What we must never lose sight of are the needs and requirements of our children as they pertain to their educational requirements to meet the demands of our country and society. Let’s just take a brief journey through our state’s past political accomplishments.

Trenton has not adequately funded the maintenance and repair of our bridges according to federal and state guidelines. Many of our most traveled bridges are neglected and in need immediate repair. While calling for and promoting higher salaries and benefits for state and public employees, they have made conscious, deliberate decisions not to properly fund said initiatives.

They have proposed a bill to sell the toll roads to a private enterprise. They have taken the state’s motor vehicle department and privatized it. This was done to correct the problems and streamline the system. They could not come to workable solution, so they handed it off. The citizens’ confidence as to the state’s auto inspection was non-existent when under direct state management. Today the politicians are presenting a bill to relax some of the inspection requirements It is expressed by the politicians in Trenton that by relaxation of said requirements tax dollars can be saved. What about saving lives and preventing injury? Just when you through it was safe to trust the [motor vehicle department] guess what? The politicians in Trenton are back at the DMV. Compare it to “Jaws” and “Jaws II.” Just when you thought it was safe to come back.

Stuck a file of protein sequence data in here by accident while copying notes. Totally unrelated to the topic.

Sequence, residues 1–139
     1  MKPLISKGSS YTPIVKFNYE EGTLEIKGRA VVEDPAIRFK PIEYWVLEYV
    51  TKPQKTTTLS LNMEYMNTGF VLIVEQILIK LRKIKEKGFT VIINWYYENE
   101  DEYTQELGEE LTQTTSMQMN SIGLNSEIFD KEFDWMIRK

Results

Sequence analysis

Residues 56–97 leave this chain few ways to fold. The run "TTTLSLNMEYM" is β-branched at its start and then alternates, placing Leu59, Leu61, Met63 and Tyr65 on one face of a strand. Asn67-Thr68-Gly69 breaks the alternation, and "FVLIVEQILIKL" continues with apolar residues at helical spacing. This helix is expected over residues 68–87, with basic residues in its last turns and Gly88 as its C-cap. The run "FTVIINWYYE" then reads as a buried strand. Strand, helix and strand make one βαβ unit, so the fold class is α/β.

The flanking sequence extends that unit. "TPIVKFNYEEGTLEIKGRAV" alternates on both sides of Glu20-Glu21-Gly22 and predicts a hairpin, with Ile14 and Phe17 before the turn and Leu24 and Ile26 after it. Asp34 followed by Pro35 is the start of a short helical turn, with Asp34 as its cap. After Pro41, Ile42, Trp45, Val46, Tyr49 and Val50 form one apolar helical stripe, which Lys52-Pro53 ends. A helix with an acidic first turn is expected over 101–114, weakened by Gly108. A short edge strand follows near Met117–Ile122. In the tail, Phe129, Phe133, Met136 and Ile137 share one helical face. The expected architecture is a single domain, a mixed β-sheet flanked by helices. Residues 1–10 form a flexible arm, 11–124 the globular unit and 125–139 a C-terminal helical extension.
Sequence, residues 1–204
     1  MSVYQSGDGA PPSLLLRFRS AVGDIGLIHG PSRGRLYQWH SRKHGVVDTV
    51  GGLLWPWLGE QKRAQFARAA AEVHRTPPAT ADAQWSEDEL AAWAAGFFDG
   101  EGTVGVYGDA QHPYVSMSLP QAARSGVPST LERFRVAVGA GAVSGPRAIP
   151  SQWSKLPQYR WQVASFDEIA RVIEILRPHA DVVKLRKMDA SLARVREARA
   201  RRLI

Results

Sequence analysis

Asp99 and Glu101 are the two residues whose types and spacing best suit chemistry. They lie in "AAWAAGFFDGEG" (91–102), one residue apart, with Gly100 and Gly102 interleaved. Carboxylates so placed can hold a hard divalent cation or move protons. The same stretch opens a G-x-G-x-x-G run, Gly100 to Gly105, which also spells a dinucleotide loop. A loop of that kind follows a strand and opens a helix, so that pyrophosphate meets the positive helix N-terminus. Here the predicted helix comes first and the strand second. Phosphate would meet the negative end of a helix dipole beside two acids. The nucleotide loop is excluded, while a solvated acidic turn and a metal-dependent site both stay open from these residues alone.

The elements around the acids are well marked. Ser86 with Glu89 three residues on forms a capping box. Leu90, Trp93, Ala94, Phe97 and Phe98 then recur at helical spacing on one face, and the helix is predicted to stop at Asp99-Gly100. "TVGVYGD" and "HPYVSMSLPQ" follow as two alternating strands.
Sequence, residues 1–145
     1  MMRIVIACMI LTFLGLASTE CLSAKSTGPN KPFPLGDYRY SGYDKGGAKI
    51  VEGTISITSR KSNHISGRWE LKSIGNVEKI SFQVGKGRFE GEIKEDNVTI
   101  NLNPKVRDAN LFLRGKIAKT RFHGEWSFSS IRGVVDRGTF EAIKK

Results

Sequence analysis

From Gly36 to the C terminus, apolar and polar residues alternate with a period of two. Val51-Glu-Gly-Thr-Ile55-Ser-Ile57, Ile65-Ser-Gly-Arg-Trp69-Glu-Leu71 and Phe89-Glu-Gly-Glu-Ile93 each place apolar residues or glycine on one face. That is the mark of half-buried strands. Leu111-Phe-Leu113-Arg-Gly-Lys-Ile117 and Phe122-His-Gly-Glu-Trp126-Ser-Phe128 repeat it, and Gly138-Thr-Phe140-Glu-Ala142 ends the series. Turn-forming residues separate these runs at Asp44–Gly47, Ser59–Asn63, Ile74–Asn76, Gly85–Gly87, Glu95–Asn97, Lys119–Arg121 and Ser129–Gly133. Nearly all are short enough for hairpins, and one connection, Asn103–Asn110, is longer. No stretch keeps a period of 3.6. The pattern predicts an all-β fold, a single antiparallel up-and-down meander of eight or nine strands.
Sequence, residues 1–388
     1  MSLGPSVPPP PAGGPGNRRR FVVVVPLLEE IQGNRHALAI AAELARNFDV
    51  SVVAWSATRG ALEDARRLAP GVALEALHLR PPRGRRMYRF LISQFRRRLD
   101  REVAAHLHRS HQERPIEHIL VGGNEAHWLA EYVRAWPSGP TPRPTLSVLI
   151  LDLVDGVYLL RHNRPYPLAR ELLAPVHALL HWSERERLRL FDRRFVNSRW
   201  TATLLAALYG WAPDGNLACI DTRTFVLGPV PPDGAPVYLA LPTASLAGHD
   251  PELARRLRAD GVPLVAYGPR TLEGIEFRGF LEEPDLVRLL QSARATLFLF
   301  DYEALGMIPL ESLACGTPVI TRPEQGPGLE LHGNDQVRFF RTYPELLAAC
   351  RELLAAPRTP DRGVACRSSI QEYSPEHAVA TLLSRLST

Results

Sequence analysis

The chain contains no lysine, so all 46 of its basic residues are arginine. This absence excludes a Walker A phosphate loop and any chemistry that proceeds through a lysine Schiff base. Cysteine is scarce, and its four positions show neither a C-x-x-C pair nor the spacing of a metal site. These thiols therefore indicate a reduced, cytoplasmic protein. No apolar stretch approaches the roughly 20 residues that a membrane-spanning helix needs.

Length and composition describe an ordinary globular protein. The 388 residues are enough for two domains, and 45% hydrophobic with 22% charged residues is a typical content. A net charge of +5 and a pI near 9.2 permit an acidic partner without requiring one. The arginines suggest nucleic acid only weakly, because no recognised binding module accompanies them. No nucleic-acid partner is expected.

In higher education our state is ranked 48th in student aid. They have then commissioned a think tank consulting firm to investigate what if any consequences such lack of aid has on our state and their citizens. The result reported “more of our higher achievers are seeking schools out of state and not returning to this state after graduation.”

This is what some call a brain drain. What a surprise! What did this report cost the taxpayers? Probably more or as much as paying the advertising agency to come up with a new state theme. It is obvious from the preceding examples that New Jersey’s first casualty caused by this brain drain can be demonstrated with our elected officials in Trenton. The Trenton politician of today places more importance on the next election and in raising a war chest than properly educating and funding our children’s and young adults’ educational requirements.

Before the election they are seen promoting education standing next to a child and his dog. But after the election the child is given to foster care and the dog to the ASPCA. As my father would always say to me in reply to my childhood request for him to loan me some money, “I will write it on ice.”

We must not allow the politicians in Trenton to write our children’s future on ice. They must be made accountable for their failures, for their accomplishments, and their lack thereof. Vote, and as Mayor Daley is credited with saying, “Vote and vote often.” Your votes do count, make it a priority to vote. Make it a priority to write and call your elected officials to tell them your child is entitled to have the educational tools necessary to compete in this global economy. The state must devote their resources to this end, and if they can not get it accomplished, they do not deserve your vote.

James R. Mumolie

Past President


Regional School District

Board of Education